Stock markets on both sides of the Atlantic suffered a sharp decline yesterday as volatility continued to dog global equities trading.
Key European markets were well in the red, with Frankfurt down by 3% just before the closing bell, while Wall Street rapidly extended early losses in New York action and analysts forecast more price swings.
“US stocks are extending a recent pullback with volatility remaining elevated in the wake of yesterday’s whipsaw session,” brokers Charles Schwab said.
The British pound took flight after the Bank of England warned that the pace of interest rate rises could accelerate.
London’s benchmark FTSE 100 index went deeper into loss following the announcement, as a stronger pound tends to penalise multinationals with substantial income from abroad.
In its statement, the Bank said that that borrowing costs could rise sooner than expected “in order to return inflation suitably to target”. But Lukman Otunuga at FXTM said that political uncertainty, especially around Brexit, could throw a spanner in the British central bank’s works, hampering an orderly rate tightening strategy.
Either way, the Bank’s more aggressive stance adds to the perception that the world’s key central banks are putting the squeeze on easy money, with the Federal Reserve also expected to raise rates and the ECB seeming to look for an early opportunity to phase out massive bond-buying.
In the eurozone, Paris and Frankfurt also closed dramatically lower — although Frankfurt managed to come off its worst levels — after Wall Street’s downturn drove them deeper and deeper into the red throughout the afternoon.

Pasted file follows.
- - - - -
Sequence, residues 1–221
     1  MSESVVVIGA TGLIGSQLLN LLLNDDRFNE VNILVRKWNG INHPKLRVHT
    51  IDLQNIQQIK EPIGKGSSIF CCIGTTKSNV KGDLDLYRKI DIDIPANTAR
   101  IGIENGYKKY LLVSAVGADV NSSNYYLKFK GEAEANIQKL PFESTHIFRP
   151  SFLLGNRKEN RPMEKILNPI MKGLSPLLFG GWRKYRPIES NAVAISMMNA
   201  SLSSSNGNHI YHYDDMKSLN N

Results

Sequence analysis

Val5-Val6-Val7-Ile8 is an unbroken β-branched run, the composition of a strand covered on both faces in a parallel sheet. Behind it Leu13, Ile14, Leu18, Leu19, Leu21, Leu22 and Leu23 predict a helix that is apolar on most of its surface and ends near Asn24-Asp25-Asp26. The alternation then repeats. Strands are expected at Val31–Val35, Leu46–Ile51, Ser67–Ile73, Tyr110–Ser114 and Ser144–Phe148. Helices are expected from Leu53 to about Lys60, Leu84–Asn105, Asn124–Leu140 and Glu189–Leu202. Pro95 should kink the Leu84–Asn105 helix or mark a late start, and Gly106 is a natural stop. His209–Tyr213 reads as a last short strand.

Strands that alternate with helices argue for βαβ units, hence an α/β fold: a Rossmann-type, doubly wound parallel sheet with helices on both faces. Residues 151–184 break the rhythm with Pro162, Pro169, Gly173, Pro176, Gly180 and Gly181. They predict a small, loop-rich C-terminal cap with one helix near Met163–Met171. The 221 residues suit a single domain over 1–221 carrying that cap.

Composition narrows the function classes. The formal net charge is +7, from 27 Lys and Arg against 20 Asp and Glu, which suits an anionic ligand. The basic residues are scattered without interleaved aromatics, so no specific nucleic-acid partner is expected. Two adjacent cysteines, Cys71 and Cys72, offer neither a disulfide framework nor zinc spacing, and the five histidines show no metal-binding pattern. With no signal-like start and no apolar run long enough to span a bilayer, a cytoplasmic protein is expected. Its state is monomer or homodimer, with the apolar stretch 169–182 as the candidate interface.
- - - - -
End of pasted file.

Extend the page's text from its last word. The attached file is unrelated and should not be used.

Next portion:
In Switzerland, Swiss Re shares were up more than four% after the reinsurance giant confirmed it was in talks to sell a minority stake in the company to Japan’s SoftBank.
London’s FTSE 100 closed 1.5% down at 7,170.69 points, Frankfurt’s DAX 30 ended 2.6% down at 12,260.29 points, Paris’ CAC 40 finished 1.0% down at 5,151,68 points, while the EURO STOXX 50 shed 2.3% at 3,376.20 points.
In the US, Twitter shares soared after the social network posted its first quarterly profit, having lagged fast-growing rivals for years.
After a long run of almost uninterrupted gains for world equity markets fuelled by cheap money and optimism about the economy, traders are navigating turbulent waters as central banks — led by the Federal Reserve — look to lift borrowing costs.
Last Friday’s strong US jobs and wage growth data, coupled with rising yields on bonds, brought an end to the record-setting global rally, sending Wall Street spiralling down before slamming world markets this week.
Oil prices extended Wednesday’s sharp sell-off on concerns about increasing US production, offsetting an output cap by Opec and Russia.
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